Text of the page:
Experiment with new genres to rediscover your creative joy.
By Christin Ditchfield
When did I start to dread writing? When did it become work – the kind you talk about with a groan or sigh? The kind that makes tackling a sink full of dirty dishes or a basket of laundry sound like an appealing alternative? Please, I’ll do anything… just don’t make me write!
I couldn’t believe it, when I found myself in this place a few years ago. Completely burned out. Growing up, I was the girl just like Jo March in Louisa May Alcott’s Little Women. When I wasn’t reading, I was writing. Pages and pages and pages. I absolutely loved it! I spent every free moment creating poems and plays and short stories, dreaming up characters to populate the novels I was sure I would write some day.
As a grown-up, after nearly ten years teaching preschool and elementary school, I was finally “living the dream” – actually making my living as a freelance writer. Being offered more assignments than I could possibly take on, in addition to the projects of my own inspiration. But somewhere along the way, I lost my love of writing. I lost my creative joy. I lost the excitement and the enthusiasm.
Maybe it was all that deadline pressure… Or the pressure to succeed – and keep on succeeding… Maybe I had too many irons in the fire… Maybe I took on too many projects that I wasn’t really passionate about. But you’ve gotta eat! There are bills to pay. When writing becomes your primary source of income, you almost have to say “Yes!” to everything. Exhibit A: I am the author of a book on dirt. Seriously. It’s called Soil. You can check it out in the children’s department at your local library. While you’re there, look up my book on wrestling. Again – seriously.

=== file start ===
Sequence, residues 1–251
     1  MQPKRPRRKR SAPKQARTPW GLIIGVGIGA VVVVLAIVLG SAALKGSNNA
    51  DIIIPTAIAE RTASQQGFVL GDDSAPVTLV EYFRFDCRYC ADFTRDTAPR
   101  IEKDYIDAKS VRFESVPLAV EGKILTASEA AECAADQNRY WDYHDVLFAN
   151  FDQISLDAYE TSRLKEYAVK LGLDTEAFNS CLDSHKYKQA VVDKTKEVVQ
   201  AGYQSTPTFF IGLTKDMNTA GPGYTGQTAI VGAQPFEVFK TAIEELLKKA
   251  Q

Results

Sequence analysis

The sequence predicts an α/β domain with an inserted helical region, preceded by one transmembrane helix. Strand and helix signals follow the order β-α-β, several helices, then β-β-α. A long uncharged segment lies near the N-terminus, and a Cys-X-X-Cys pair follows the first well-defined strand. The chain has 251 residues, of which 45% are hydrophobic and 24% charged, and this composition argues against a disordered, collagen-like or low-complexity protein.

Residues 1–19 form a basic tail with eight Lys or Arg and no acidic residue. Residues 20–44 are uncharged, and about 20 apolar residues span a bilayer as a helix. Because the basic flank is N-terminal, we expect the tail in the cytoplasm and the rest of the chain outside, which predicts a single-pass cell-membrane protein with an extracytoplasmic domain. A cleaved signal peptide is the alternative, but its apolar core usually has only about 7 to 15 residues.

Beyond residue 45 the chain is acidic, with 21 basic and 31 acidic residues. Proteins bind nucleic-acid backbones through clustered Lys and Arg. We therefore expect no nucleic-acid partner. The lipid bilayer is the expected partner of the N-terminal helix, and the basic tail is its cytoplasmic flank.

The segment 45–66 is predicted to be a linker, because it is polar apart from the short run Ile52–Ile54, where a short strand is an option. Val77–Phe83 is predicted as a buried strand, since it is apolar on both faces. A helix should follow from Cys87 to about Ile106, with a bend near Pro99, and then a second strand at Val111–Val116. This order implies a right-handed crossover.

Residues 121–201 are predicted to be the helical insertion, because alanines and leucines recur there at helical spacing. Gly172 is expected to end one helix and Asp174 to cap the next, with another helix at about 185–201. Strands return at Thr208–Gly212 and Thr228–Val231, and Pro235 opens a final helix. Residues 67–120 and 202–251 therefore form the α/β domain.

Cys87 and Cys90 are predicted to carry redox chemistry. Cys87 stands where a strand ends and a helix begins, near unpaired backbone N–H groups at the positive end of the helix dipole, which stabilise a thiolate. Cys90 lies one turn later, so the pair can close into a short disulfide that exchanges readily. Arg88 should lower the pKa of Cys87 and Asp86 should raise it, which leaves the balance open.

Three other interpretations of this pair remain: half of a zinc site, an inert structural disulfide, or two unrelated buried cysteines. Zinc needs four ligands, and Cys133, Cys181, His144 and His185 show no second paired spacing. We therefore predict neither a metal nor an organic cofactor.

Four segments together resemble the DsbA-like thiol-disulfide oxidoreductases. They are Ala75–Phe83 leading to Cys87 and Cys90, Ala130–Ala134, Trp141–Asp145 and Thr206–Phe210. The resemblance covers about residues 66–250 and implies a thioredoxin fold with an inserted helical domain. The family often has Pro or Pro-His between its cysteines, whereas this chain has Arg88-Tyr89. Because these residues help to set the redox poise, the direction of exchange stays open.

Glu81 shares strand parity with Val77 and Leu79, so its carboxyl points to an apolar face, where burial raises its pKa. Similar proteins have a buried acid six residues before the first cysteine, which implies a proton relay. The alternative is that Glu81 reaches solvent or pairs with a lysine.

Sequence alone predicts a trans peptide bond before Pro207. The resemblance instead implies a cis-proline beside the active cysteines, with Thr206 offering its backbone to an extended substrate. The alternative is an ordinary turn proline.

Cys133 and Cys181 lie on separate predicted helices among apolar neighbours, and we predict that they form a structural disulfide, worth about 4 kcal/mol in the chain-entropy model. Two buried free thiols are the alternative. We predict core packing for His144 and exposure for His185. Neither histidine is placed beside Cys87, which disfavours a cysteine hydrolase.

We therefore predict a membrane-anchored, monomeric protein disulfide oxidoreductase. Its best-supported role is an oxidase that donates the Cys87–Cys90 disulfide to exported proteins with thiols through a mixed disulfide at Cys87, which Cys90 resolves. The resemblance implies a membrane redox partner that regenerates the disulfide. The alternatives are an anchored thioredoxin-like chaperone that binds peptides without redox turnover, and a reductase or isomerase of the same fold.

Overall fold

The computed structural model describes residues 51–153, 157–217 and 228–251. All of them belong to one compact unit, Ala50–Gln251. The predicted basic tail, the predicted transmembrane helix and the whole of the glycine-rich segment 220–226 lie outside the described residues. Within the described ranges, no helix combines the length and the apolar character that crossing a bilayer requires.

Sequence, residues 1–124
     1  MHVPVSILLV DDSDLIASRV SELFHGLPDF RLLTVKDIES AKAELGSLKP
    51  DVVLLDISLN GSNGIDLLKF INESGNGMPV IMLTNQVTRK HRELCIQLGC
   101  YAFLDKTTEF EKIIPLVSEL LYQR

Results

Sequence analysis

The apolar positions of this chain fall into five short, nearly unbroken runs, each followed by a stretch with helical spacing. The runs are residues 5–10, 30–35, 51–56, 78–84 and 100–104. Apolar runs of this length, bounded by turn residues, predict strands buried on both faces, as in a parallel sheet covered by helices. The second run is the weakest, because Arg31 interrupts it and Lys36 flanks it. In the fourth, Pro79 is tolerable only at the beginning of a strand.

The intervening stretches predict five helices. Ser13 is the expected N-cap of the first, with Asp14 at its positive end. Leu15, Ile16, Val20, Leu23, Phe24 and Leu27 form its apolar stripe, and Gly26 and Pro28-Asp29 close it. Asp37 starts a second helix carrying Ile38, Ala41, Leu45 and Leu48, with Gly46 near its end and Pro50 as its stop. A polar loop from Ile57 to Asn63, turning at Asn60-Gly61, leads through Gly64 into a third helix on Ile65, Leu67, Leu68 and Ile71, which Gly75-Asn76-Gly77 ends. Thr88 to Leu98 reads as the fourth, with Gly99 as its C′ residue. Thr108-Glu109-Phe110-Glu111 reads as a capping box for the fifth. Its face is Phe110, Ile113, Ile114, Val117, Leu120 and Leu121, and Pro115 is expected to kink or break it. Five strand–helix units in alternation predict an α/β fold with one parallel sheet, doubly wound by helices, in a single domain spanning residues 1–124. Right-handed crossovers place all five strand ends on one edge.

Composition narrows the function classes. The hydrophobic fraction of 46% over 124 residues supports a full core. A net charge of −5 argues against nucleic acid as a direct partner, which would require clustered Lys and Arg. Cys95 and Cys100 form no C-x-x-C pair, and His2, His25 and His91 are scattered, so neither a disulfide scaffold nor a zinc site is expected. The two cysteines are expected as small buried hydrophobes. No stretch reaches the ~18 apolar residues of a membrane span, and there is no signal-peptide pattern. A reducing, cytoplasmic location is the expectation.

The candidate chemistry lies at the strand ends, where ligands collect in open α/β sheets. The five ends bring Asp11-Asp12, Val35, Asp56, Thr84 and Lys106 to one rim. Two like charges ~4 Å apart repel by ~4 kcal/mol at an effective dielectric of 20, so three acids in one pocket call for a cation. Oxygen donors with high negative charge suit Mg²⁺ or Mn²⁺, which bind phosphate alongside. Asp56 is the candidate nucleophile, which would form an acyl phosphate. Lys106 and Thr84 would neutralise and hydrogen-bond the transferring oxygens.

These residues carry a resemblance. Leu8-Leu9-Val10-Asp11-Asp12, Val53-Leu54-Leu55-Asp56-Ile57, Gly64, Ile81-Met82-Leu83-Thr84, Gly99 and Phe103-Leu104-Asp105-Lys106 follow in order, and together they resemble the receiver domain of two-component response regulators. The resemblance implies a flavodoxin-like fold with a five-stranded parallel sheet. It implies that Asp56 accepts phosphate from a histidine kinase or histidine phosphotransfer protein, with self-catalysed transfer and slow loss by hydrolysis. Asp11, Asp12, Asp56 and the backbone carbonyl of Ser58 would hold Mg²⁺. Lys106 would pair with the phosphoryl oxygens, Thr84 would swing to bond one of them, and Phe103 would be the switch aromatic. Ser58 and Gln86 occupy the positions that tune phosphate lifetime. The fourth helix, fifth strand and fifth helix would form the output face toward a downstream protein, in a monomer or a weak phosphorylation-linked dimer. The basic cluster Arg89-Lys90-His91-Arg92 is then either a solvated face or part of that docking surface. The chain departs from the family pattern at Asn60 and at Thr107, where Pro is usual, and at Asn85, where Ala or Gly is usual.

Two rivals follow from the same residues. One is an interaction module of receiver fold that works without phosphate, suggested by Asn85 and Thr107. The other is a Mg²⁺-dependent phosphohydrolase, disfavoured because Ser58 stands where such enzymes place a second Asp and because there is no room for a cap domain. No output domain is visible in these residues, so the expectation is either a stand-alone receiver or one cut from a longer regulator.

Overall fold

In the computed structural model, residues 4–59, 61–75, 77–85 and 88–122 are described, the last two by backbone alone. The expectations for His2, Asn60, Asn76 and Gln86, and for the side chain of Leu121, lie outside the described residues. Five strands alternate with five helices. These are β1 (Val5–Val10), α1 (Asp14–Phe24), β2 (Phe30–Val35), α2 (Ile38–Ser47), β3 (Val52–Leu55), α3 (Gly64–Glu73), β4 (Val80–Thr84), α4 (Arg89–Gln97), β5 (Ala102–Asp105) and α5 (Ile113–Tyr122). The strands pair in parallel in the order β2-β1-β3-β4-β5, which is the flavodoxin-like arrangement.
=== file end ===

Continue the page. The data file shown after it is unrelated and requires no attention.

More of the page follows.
However it happened, when the thought of writing made me miserable – and the thought of doing dishes seemed a welcome escape – I knew something had to change. I finished up the projects I was working on and declared myself “on sabbatical” for the summer. I told my friends and family that for the first time in a long time, I was going to write something just for fun. Just for me. Just for the thrill of challenging myself to do something new and different.
After giving it some thought, I decided that – having written a lot of nonfiction for children and adults – I really wanted to try a picture book. I thought about the books I loved reading as a child, books I still love to this day. The books I loved reading to my preschool classes years ago. Yes, I want write something like that!
Just because you’ve learned to write (and even been published) in one genre doesn’t mean you know how to write in another. I realized there were some things I needed to learn. So I pored over how-to books, especially the classic Writing and Illustrating Children’s Book’s for Publication by Berthe Amoss and Eric Suben. Like a beginner – which in this genre, I was – I carefully noted the experts’ instructions and advice. I took the time to complete the recommended writing exercises. Then I started searching for a story.
One day I happened to catch the startled look on my nephew’s face when his grandfather (my dad) complimented him on his impressive cowlick. It got me thinking: If you had never heard the word “cowlick” before, what would you think it meant? Could it be evidence that a friendly cow had come to your bedside in the night to lick you? Slurrrpp!